Let’s get the negative out of the way. The Mulligan course is twelve holes with the first hole beginning at the second tee, so one either has to walk down the first fairway or take a cart ride from the pro shop. The ninth hole finishes near the clubhouse with the tenth beginning off the patio section of the clubhouse. After playing the tenth, the eleventh and twelfth continue going away from the clubhouse leaving you in the middle of nowhere, somewhat close to the fifth green and sixth tee but down a hill and through tall grass to get there.
Therefore, most people tee off in front of the clubhouse on the tenth hole and do a routing of 10-12, then 5-9 for a total of eight holes, or they play 1-12, then 6-9 for a total of 16 holes.
Mr. Doak is famous for saying he builds golf holes according to what the land gives him and the Mulligan course is no exception.
Those are minor complaints. Very minor complaints because the Mulligan course is a blast. I generally play it after playing 36 or in between rounds. You can take 1-2 drinks with you (although tough to manage but should you care?), and there are cupholders at the tees.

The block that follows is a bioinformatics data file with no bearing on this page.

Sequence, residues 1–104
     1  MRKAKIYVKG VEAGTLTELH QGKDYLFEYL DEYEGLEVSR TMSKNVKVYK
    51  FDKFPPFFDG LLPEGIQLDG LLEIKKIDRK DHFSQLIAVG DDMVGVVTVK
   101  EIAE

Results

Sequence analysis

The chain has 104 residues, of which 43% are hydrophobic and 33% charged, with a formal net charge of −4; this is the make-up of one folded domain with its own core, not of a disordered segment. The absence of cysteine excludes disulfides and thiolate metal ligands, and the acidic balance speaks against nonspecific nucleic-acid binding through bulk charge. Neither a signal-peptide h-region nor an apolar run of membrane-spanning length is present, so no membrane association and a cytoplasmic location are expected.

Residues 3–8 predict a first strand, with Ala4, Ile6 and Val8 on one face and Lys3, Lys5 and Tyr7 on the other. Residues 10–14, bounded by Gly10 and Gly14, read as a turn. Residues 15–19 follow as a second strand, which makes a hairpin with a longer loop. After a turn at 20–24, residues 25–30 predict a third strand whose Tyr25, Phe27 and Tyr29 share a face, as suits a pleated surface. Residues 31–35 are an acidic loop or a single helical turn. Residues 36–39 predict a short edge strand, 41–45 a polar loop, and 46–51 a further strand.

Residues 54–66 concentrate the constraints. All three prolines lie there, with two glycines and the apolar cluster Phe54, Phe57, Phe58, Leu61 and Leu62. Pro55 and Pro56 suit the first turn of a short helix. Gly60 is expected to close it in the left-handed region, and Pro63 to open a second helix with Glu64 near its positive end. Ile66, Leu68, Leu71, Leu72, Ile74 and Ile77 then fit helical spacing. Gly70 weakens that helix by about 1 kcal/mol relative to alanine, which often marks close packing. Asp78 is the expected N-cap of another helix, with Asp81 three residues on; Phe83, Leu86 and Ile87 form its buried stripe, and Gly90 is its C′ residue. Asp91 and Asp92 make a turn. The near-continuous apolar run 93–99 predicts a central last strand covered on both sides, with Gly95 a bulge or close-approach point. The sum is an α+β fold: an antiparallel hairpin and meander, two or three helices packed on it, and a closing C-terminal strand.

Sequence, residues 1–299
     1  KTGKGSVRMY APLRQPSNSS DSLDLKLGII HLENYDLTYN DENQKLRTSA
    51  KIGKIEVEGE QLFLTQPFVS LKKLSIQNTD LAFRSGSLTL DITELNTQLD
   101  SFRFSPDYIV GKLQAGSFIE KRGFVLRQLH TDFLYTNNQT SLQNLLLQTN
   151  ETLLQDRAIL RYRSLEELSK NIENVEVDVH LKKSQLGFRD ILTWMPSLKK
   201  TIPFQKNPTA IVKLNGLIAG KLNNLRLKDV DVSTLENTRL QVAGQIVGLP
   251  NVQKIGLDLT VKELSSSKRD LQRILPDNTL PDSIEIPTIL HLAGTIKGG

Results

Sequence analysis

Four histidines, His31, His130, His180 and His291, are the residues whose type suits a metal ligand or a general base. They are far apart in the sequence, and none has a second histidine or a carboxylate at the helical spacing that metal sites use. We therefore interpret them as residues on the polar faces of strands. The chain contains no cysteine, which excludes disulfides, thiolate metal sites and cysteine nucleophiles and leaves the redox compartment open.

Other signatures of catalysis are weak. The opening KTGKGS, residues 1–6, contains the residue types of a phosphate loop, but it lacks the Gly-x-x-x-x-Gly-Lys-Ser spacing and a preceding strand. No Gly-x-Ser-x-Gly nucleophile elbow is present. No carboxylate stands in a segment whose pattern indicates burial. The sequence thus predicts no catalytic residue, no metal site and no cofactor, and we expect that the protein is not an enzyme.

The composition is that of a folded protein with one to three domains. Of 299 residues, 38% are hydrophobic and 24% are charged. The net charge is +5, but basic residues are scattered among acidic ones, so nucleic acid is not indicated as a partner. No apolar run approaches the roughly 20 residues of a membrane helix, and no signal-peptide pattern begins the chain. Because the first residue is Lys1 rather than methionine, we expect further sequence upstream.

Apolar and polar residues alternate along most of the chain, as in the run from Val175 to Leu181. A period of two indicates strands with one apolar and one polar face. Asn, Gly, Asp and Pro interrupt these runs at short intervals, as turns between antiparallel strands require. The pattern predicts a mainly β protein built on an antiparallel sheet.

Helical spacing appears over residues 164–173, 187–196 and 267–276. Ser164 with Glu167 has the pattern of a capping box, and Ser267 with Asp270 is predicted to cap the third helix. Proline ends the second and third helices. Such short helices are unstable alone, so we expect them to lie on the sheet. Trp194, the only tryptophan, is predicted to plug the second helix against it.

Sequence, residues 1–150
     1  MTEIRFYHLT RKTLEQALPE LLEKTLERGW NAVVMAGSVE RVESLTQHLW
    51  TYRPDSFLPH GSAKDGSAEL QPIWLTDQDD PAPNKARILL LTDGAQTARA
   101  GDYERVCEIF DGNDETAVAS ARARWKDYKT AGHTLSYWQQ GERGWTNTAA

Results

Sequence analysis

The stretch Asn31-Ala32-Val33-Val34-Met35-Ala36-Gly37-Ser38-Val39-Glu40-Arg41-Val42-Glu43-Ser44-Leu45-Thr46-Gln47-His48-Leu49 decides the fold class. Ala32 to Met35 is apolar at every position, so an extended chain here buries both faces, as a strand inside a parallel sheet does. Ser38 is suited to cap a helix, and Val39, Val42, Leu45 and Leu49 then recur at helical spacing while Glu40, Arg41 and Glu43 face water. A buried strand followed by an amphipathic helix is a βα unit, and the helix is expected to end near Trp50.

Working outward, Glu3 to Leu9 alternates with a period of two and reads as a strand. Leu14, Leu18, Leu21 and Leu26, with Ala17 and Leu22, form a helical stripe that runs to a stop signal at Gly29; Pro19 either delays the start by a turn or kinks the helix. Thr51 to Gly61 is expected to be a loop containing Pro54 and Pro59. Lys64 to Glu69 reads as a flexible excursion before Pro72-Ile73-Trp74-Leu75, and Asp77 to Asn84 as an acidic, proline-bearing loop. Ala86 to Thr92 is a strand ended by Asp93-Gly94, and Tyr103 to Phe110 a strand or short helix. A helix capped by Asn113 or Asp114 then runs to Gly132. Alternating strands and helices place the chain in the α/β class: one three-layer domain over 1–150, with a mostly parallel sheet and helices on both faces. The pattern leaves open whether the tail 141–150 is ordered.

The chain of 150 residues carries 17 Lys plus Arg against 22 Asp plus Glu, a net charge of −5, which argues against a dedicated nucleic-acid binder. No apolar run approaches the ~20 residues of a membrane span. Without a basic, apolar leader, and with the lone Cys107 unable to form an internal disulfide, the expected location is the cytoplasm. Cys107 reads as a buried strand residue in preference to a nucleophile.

The routing takes you up and down hills with the following yardages:
1 – 85-145
2 – 90-115
3 – 100-150
4 – 120-140
5 – 150-180
6 – 125-155
7 – 85-180
8 - 85-150
9 - 85-95
10 – 85-145
11 – 90-120
12 – 100-115
In general, you only need three clubs unless you want to play the upper, longer tee on the seventh.
The beauty of the course is that you can drop your ball anywhere and decide to play. There are alternate loops on the scorecard indicating different yardages for different rounds. The scorecard includes a column for “bets.” It also suggests a foursome have a match with “Self” and “partner” play against “opp” and “opp.” You can even tee off the backside of a few green surrounds to the next hole instead of going to the tee for the next hole. You can even make up a few holes of your own of shorter chips to a close green if no one else is on the course.
The greens are expertly placed into dunes, or alongside dunes, or downhill in the valleys. There is an amazing variety of par 3’s. The bunkering is excellent as are the contours of the greens. Most of the greens have a substantial tilt to them. The dune forms surrounding the holes are wonderful. You can quickly get yourself into trouble if you miss the green by too much to any side as you will be in taller grass, yucca plants, or uneven sand. There are uphill par 3’s, downhill par 3’s, level par 3’s over valleys. There are a couple of greens where the tilt is amazing, including a green that has a higher plateau of six-seven feet.
You do not have a care in the world when you play the Mulligan course. Quite frankly, anyone who takes it too seriously should probably not even be at Ballyneal. There really is no competition even if betting against opponents as fun and laughs will likely result in scrapping any match. You look at the somewhat small greens which make sense for the yardage and you both chuckle, marvel, and smile. Mainly, you play the Mulligan course to celebrate, acknowledge and be thankful for the game that we love.